The Program

The firesetter program has five levels of participation known as Family Responsibility Steps. Depending on your child’s situation, some steps may not apply.

We Can Help!

If your child has experiments with fire sign him or her up for the Firefighters Burn Institute Youth Firesetter Program. Call our toll free number 1-888-452-SAFE (7233) or email us from the Contact Tab above. Our program provides staff for pre-academy interviews with the child involved in firesetting and his/her family, a fire safety academy completed in two sessions is also provided.

As part of the academy, children will learn:

  • Fire safety education
  • Fire hazard recognition
  • Home escape planning
  • Responsibility
  • Problem solving skills
  • Natural & legal consequences
  • Communication
  • Thinking errors
  • Peer pressure
  • Leadership skills
  • Dealing with and sharing feelings

Placement for families who need counseling services is also part of the program.

Assessment:

A family interview and FEMA (Federal Emergency Management Agency) Screening will take place at a location designated by assessor. This may be a fire station or the home/living environment of the youth who has exhibited fire setting/play activity. As many family members as possible are recommended to attend.

Diversion:

If your child has been issued a citation by a fire agency you may be allowed to enter a process by which the citation can be dismissed or not issued. This process can be initiated by the Fire Investigator or the Juvenile Probation Department. If the Fire Investigator initiates Diversion then this step must occur at the time the citation is issued. If you do not complete the program, it will go back to the Fire Investigator who may send the citation to Juvenile Probation. If a youth is cited directly to Juvenile Probation then that agency has the option to identify a low level offender and divert them to an educational program (ie. YFP) in lieu of a more serious punishment.

Educational Intervention:

Families attend a two session fire safety academy. It is recommended that all family members attend the academy. The academy is conducted at various times throughout the year at different locations. The academy is broken up into age appropriate classes for the youths and there is different curriculum for each class. The parents are in their own group as well where they attend informational training seminars.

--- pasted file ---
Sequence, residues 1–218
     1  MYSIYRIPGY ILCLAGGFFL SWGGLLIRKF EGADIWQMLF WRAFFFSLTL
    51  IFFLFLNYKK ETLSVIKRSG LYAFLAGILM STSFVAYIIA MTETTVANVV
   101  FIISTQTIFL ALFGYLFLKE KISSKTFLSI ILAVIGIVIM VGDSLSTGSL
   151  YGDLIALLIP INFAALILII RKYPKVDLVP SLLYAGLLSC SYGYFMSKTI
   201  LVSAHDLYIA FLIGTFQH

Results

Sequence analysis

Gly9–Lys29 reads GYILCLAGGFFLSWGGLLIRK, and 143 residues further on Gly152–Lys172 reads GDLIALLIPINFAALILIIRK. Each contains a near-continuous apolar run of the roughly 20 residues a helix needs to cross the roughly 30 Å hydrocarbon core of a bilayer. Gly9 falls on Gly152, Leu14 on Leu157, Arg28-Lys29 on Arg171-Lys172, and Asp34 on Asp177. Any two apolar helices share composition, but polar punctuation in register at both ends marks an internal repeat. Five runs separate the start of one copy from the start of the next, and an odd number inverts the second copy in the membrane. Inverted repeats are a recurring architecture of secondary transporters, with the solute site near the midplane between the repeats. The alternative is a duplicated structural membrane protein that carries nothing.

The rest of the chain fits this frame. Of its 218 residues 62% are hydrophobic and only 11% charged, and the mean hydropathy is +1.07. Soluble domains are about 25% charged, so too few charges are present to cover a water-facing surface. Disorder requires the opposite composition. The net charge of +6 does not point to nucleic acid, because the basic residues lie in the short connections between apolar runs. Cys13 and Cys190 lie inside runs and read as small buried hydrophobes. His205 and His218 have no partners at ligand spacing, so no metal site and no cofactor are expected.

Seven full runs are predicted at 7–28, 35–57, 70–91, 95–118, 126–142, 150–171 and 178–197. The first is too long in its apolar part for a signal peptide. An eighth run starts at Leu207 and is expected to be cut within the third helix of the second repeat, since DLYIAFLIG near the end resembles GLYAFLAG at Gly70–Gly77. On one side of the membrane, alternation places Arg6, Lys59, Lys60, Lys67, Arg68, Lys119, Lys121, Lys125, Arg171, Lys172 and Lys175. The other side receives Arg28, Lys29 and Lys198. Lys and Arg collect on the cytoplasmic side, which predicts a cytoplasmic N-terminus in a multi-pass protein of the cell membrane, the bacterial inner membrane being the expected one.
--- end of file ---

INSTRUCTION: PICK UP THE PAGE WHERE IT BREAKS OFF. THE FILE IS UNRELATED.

The academy provides many educational tools as well as presents guest speakers from various fire departments, probation, UC Davis Burn Center, Shriners & Mental Health.

Counseling:

If the final score from the assessment falls within certain parameters, family counseling will be recommended by the fire agency. If a child/family has been referred to counseling, it is strongly recommended that the counseling occur con-currently to the academy. If the child is already in counseling, the child should continue counseling and the parent should advise the mental health provider that the child has a history with firesetting. Notify the counselor that the child was FEMA assessed and it is the fire agency recommendation that counseling be conducted that would address the child’s firesetting issue. Also notify the mental health professional that it has been determined that the child is at risk for future firesetting. If more than a year has gone by since the original assessment, a second assessment must take place before the family attends the academy. An informative resource list will be provided to these families. This list will be a compilation of local organization and resources that are equipped to meet this mental health requirement.

Information regarding your family’s ability to pay or insurance medical benefits information may need to be produced to determine if there will be any cost for counseling services provided by the firesetter program.

Behavioral Update:

After completing the fire safety academy and/or counseling, the firesetter program may contact the parent/ guardian to determine the status of your child’s behavior in regards to the following:

  • Occurrences of firesetting
  • School work
  • Family communication
  • Activities with peers
  • Whether your home environment shows a reduced risk in your child obtaining instruments used for firesetting.